Stated simply, the idea is to have cadets, particularly non-STEM majors, engage with math in ways that are meaningful and useful for solving domain-specific problems using computers. Active problem-based projects will be designed and used to apply mathematical skills to realistic math problems including statistics and modeling. In addition, basic computational thinking skills will be developed using software, like Microsoft Excel, in order to teach cadets to solve the problems and understand the capacity and the limitations of both the model and technology. These projects will be developed through collaborations between the Applied Mathematics Department and other departments whose cadets will be required to take this new math core sequence.
VMI will undergo reaffirmation of accreditation by the Southern Association of Colleges and Schools Commission on Colleges (SACSCOC) in 2017. The concept of quality enhancement is at the heart of the SACSCOC philosophy of accreditation, and each institution that seeks reaffirmation of accreditation is required to develop a Quality Enhancement Plan (QEP). Math that Matters was submitted as the QEP for the Institute in September 2016. It will undergo the approval process through June 2017.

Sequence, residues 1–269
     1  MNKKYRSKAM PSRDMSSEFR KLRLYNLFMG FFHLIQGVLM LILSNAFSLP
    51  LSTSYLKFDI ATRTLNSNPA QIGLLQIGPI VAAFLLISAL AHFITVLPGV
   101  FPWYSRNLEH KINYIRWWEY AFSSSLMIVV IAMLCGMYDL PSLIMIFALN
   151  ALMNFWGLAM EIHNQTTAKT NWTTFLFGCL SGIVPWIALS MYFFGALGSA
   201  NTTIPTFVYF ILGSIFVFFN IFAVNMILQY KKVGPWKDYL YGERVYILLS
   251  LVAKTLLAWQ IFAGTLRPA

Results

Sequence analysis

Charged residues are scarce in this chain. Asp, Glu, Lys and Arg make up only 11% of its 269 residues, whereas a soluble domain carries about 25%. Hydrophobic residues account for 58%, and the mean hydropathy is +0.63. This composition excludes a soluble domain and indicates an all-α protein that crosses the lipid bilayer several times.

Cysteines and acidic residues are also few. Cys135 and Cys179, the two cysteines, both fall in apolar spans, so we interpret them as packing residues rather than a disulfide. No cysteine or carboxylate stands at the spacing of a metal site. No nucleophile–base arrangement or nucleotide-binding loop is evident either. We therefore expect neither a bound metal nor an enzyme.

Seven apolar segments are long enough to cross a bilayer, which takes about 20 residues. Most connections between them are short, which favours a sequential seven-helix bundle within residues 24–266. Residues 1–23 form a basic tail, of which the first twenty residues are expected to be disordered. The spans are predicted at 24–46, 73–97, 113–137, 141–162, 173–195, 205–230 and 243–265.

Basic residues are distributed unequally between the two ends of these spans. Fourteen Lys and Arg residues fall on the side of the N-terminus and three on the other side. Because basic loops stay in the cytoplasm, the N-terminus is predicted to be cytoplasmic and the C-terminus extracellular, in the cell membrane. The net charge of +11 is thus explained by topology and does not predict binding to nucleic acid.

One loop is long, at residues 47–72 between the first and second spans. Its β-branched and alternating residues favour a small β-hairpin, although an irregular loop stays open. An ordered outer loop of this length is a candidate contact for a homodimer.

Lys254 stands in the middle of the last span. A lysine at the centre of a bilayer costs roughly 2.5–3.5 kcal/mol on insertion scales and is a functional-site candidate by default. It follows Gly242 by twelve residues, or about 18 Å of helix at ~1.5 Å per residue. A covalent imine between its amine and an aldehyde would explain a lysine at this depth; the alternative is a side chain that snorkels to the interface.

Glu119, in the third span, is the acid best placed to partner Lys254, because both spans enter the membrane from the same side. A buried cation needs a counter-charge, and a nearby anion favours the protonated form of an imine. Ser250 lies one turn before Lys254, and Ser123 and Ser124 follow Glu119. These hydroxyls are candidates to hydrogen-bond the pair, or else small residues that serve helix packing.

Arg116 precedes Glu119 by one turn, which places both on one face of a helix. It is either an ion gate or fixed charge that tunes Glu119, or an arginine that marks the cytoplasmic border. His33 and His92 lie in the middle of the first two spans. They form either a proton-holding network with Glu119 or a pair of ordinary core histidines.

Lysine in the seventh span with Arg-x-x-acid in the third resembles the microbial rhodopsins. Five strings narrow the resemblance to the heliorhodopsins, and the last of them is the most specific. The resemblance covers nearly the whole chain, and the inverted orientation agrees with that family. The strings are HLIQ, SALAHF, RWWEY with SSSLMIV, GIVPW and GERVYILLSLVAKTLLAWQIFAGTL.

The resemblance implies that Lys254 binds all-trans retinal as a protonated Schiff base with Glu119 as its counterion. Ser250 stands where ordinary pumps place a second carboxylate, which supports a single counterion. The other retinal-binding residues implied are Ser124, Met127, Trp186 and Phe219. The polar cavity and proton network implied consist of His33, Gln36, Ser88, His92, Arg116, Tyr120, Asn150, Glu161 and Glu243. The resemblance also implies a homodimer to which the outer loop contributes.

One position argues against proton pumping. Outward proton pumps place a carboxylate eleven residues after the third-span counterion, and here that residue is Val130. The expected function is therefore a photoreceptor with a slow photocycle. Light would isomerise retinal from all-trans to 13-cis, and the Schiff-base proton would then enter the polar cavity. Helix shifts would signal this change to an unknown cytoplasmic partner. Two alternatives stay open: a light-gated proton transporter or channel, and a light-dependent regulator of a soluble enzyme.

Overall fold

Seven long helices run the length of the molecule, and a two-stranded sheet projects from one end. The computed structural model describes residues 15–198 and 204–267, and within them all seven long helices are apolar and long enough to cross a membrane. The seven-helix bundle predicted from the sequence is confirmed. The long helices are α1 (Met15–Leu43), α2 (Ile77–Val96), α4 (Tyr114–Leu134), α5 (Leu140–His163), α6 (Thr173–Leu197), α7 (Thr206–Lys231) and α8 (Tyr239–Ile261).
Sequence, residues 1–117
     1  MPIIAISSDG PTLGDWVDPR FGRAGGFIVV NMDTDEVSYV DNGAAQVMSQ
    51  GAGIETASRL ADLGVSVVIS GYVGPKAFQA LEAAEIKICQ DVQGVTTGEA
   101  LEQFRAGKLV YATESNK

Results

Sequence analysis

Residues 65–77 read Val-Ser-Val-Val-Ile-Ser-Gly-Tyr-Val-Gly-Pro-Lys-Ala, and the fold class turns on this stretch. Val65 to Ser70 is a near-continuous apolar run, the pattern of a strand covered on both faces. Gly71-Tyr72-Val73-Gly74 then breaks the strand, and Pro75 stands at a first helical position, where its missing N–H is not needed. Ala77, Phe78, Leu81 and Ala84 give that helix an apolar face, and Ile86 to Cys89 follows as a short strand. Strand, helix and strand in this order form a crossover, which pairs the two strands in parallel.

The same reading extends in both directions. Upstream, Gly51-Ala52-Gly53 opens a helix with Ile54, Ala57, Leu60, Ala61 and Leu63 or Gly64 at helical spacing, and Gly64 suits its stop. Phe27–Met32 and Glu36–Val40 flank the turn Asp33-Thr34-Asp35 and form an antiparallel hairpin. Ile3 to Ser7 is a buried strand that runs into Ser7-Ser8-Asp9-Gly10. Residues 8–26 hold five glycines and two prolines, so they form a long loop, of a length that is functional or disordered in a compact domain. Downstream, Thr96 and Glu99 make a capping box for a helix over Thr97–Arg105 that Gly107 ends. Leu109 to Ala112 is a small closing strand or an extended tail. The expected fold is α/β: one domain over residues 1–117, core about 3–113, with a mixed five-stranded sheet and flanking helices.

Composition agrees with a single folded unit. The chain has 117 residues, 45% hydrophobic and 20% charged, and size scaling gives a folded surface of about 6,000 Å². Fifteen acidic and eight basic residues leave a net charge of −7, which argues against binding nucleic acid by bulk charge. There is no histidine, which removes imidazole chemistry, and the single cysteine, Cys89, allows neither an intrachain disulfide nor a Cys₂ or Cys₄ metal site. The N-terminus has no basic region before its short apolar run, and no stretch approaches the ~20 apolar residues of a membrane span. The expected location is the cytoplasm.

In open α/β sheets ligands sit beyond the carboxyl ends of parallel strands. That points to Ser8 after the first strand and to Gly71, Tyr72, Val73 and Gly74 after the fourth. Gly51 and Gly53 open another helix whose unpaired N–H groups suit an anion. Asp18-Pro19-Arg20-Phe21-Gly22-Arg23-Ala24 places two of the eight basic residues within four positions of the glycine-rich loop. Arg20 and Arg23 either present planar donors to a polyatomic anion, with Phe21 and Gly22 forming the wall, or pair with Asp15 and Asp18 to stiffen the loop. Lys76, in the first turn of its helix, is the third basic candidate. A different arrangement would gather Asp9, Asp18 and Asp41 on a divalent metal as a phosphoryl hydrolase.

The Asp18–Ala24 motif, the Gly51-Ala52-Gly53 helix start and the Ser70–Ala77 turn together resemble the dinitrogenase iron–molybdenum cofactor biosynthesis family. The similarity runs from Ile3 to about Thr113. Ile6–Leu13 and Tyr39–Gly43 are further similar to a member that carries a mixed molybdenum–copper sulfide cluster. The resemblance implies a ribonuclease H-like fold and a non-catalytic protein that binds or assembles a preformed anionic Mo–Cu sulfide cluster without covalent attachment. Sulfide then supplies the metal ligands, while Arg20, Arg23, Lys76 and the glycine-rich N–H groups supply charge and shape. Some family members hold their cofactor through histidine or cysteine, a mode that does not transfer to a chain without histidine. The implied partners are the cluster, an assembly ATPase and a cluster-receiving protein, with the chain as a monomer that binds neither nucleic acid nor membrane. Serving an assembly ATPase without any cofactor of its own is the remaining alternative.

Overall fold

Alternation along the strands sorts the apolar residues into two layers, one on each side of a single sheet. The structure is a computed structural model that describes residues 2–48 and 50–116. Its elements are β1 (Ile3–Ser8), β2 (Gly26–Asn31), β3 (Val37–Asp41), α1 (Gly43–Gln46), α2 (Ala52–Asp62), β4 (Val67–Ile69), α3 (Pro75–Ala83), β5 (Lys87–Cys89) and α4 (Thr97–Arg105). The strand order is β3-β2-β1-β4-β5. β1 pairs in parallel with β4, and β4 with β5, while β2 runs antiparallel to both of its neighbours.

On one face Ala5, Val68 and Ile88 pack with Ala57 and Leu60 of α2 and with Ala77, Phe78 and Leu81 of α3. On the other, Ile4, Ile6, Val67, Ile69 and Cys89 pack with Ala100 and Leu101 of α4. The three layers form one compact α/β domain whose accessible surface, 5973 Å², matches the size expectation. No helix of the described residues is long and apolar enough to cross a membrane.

2017 Update:
VMI was successful in its decennial bid for reaffirmation of accreditation by the Southern Association of Schools-Commission on Colleges (SACSCOC). In March 2016, the Institute submitted the Compliance Certification, which was reviewed by a SACSCOC Off-Site Review Committee in April 2016. VMI received the Off-Site Committee’s report in May 2016, which included nine findings of non-compliance - an excellent result. In September 2016, VMI submitted a Focused Report in response to the Off-Site Committee’s report, addressing the nine findings. In October 2016, the SACSCOC On-Site Review Committee reviewed VMI’s Compliance Certification, Focused Report, and QEP on the VMI Post. Their findings were minimal, with no recommendations for all but one of the SACSCOC Principles, CR 3.7.1., Faculty Qualifications. Notably, VMI’s QEP received no recommendations, a result that nearly 60% of institutions fail to achieve.